Panera Bread Company has been hit with a proposed class action over a potential security breach the St. Louis-based sandwich franchise acknowledged earlier this week. According to the lawsuit, cyber-security website Krebs on Security published a blog post on April 2, 2018 reporting that “millions of customer records – including names, email and physical addresses, birthdays and the last four digits of the customer’s credit card number” had been exposed on Panera’s website “for at least eight months,” subjecting customers to an increased risk of identity theft.
The lawsuit argues that the defendant failed its initial duty to protect customers’ data and then neglected to properly investigate the issue and alert customers when it learned their information may have been exposed.
Whose Information Was Potentially Leaked?
Affected individuals, according to the case, include those who signed up for the MyPanera rewards program or ordered food for pickup using the company’s website or smartphone app. The lawsuit claims these customers’ personal identifying information, which they were required to enter into the defendant’s database, was “negligently or recklessly exposed to hackers and/or unknown nefarious third parties.”
How Long Were the Records Allegedly Exposed?
The lawsuit claims customers’ information has been accessible for at least eight months, and possibly even longer. According to the complaint, a security researcher alerted Panera’s director of information security of the potential breach back in August 2017 and was told that the team was “working on a resolution.” The man supposedly continued checking the site in the following months and saw “[no] indication that Panera ever addressed the issue.”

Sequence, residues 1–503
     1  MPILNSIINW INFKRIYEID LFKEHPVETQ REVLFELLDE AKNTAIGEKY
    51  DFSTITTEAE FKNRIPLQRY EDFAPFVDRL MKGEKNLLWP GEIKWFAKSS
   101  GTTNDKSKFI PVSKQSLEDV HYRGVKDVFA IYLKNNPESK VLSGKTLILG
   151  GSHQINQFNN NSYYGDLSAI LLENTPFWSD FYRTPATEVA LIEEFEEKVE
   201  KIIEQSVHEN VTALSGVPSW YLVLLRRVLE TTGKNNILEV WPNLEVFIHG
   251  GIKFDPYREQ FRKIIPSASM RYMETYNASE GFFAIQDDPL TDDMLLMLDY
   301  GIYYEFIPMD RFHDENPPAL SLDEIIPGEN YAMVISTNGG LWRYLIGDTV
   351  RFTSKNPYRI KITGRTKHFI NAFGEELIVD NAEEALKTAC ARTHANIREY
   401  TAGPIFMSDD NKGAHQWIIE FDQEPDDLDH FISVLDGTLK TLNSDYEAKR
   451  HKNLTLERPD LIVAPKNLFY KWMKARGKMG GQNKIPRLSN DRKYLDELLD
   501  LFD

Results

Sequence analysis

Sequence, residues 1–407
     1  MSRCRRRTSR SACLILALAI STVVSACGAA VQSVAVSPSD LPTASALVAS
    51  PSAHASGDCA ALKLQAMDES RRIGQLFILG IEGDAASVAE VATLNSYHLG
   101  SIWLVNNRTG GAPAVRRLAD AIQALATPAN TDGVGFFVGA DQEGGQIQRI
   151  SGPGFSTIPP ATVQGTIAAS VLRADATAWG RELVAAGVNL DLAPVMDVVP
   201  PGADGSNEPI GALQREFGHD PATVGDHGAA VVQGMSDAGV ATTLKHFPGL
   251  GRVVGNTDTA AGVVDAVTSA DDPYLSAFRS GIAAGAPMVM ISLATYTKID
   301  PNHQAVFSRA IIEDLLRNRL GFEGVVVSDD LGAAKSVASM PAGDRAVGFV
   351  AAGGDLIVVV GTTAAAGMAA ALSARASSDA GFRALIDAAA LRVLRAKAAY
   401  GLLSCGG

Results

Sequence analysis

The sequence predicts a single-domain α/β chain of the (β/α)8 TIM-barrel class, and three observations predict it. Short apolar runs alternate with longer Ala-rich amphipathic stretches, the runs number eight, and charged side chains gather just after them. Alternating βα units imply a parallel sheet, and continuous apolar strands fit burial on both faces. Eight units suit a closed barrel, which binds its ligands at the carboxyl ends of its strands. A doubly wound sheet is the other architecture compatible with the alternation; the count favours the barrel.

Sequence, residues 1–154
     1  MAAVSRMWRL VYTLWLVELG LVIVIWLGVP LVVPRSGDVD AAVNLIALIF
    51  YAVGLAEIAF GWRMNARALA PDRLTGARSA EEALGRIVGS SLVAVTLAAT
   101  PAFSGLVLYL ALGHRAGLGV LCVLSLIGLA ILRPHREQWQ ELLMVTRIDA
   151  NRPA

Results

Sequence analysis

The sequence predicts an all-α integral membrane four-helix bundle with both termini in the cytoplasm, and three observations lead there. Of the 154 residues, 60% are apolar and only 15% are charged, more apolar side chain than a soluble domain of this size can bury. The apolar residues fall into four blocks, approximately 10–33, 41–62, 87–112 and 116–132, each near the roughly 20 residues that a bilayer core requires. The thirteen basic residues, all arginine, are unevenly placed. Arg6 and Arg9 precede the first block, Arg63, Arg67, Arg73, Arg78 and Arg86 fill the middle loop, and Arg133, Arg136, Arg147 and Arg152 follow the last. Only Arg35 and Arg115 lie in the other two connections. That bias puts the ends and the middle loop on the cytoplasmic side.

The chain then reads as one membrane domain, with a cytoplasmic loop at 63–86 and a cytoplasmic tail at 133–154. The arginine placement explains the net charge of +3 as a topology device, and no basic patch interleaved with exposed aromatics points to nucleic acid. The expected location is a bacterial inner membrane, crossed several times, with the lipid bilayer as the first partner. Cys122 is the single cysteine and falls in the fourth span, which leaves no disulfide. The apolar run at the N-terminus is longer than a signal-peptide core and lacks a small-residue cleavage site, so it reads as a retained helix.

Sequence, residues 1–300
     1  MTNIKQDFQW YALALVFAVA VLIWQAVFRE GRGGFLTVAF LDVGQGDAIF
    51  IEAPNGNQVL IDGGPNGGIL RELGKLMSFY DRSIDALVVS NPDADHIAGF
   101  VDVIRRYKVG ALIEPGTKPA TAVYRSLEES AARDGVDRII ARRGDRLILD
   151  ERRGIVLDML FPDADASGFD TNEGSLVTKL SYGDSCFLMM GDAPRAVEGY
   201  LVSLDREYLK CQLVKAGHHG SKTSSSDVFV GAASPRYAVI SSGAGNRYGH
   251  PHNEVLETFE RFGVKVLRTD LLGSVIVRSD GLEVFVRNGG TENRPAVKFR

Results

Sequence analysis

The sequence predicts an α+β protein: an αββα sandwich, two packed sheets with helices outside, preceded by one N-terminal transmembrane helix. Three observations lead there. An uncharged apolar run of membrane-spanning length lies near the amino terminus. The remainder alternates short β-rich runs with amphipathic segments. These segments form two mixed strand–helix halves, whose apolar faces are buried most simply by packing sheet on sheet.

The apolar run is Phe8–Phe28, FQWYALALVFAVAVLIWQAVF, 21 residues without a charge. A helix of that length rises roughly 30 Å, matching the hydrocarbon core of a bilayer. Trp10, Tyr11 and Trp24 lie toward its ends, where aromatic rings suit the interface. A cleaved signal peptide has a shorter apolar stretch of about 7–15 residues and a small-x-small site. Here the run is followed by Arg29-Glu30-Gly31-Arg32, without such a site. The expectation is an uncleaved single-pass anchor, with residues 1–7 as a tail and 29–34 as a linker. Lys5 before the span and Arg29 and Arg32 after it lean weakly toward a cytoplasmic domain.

The suit also notes an even earlier warning from a Panera customer who claims he informed the company in May 2007 that his Panera rewards account had been compromised, but, in his words, “they blew me off.”
Has Panera Warned Customers of the Potential Breach?
In short, no, the lawsuit alleges. Shortly after Krebs on Security published its blog post, the company reportedly released a written statement to Fox News assuring the public that the “issue is resolved” but has still not fully disclosed the details of the leak to its customers or its impact at time of publication.
“Upon information and belief,” the complaint reads, “Panera has taken no other efforts since discovering the security breach to inform customers that their Personal Identifying Information was leaked and/or compromised.”
How Does the Data Breach Affect Panera Customers?
The case claims Panera customers now face “years of constant surveillance of their financial and personal records,” plus the costs of repairing any damages caused by fraudulent use of their information. From the complaint:
As a direct and proximate result of Panera’s wrongful action and inaction and the resulting data breach, Plaintiffs and [proposed class members] have been placed at an imminent, immediate, and continuing increased risk of harm from identity theft and identity fraud, requiring them to take the time and effort to mitigate the actual and potential impact of the subject data breach on their lives by, among other things, placing ‘freezes’ and ‘alerts’ with credit reporting agencies, contacting their financial institutions, closing or modifying financial accounts, and closely reviewing and monitoring their credit reports and accounts for unauthorized activity.”